|Diploma of Classical Languages
|Indicative contact hours
|3 hours per week
The Roman statesman Marcus Tullius Cicero (106-43 BC) left behind a large body of work which can be divided as follows: speeches, works on rhetoric, philosophy, letters. In this unit students read in Latin a selected portion from a major work in one of these genres. They also read widely in English from related works. The course covers Cicero’s life and thought, especially his actions as Consul in 63 BC.
On completion of the unit students will have:
- An understanding of how to translate syntactically complex texts from Latin, and the problems involved in the ‘translation’ of texts.
- An understanding of the place of Cicero’s work in his career and a detailed knowledge of the text(s) prescribed.
- The ability to identify useful secondary sources, analyse them once identified, and then synthesise all sources for the successful interpretation of the text.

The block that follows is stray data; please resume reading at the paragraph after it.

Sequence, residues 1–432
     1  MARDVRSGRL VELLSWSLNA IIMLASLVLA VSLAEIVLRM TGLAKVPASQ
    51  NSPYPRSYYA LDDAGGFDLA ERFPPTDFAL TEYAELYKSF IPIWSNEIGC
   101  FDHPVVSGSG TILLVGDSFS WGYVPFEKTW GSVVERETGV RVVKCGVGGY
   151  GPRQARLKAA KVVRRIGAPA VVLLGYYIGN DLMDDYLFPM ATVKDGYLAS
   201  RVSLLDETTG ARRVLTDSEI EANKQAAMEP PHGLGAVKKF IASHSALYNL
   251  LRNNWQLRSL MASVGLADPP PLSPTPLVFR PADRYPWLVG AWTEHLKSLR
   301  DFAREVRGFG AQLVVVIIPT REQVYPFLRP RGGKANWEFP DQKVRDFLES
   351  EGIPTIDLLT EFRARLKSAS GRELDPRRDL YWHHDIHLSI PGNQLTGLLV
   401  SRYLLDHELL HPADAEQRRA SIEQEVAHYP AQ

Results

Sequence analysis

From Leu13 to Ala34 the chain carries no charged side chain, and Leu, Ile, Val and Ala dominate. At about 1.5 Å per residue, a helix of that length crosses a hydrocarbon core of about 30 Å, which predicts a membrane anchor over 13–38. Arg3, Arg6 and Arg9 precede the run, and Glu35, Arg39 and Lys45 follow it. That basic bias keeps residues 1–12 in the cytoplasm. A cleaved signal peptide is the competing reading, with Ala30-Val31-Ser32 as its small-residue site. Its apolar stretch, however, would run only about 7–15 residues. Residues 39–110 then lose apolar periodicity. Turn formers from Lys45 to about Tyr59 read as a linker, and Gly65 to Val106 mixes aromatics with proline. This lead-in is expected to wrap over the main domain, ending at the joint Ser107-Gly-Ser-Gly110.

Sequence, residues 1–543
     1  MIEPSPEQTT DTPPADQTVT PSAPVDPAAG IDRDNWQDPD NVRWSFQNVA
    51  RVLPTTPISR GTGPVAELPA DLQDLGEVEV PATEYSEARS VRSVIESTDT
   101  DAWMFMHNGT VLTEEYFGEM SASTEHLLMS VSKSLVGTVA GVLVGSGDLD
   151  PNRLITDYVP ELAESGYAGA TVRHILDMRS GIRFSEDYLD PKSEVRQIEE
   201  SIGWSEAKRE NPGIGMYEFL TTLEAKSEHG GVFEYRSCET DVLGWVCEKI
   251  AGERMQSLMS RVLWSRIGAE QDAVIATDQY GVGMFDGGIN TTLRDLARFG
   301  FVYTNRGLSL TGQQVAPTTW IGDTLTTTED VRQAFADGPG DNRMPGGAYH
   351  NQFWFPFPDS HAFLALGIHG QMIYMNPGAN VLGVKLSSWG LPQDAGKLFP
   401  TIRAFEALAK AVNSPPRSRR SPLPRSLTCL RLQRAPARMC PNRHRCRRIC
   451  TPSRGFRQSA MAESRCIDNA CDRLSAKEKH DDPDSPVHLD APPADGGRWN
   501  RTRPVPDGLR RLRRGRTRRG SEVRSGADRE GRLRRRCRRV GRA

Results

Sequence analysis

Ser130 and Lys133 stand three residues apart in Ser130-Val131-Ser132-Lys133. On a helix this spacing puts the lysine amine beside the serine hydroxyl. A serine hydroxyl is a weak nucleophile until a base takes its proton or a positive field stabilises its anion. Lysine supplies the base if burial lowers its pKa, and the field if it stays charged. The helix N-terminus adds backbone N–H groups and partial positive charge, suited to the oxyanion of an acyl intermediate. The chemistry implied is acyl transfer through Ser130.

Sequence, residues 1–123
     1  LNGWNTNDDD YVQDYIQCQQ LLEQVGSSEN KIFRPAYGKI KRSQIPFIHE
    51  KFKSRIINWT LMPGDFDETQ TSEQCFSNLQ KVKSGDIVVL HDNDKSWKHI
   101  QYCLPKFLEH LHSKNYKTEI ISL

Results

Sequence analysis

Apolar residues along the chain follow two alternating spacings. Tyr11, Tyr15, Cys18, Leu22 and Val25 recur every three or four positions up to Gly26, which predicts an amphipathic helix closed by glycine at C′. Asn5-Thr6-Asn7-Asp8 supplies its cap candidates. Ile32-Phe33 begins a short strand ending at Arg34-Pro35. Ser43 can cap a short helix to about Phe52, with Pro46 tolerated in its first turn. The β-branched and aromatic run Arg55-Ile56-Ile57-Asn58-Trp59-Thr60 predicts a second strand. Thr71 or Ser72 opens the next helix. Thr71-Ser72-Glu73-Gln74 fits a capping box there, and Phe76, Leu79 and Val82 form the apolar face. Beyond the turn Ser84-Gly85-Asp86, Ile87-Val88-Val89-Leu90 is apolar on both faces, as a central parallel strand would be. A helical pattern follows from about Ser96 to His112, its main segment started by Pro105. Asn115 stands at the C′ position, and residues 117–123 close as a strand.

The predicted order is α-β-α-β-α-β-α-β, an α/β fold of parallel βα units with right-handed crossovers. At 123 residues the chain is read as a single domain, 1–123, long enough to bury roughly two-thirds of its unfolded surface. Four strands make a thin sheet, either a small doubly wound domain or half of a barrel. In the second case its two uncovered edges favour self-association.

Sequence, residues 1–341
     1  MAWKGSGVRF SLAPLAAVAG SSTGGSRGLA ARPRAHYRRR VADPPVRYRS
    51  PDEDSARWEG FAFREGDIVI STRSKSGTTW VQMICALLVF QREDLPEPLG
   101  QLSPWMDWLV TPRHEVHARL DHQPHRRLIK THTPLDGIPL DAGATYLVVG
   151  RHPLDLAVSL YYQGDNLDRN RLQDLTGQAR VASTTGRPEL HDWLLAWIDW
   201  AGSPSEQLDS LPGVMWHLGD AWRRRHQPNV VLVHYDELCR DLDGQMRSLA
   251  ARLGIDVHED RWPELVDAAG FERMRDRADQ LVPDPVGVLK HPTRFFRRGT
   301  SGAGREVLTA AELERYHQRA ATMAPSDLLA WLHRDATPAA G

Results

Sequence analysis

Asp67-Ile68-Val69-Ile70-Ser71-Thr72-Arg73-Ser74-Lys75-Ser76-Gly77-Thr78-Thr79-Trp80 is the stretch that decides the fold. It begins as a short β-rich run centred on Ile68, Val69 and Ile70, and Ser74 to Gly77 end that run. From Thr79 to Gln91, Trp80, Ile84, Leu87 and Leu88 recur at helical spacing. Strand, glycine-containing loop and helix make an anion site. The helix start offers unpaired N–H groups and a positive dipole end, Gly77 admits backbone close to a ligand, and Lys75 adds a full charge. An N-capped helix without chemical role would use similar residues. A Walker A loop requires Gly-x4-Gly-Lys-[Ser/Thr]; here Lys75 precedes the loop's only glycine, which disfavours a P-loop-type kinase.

- The ability to express effectively this interpretation in writing.
- The ability to express this interpretation effectively as an oral contribution to peer-group discussion.
- The ability to recite accurately a passage of Cicero in Latin, with due regard for sound and sense.
Students may enrol in LAN312 if they have completed any one of the following: LAN301, LAN302, LAN305, LAN306, LAN311. Otherwise they may only enrol if they have a sufficiently advanced, and demonstrable, knowledge of Latin sufficient for this unit.
Interested in other Latin units?
LAN101: Classical Latin I
LAN102: Classical Latin II
LAN203: Classical Latin III
LAN204: Classical Latin IV
LAN301: Language and Society in Late Republican Rome
LAN302: Pagans and Christians from Augustus to Augustine
LAN305: The Eternal City from Paganism to Christianity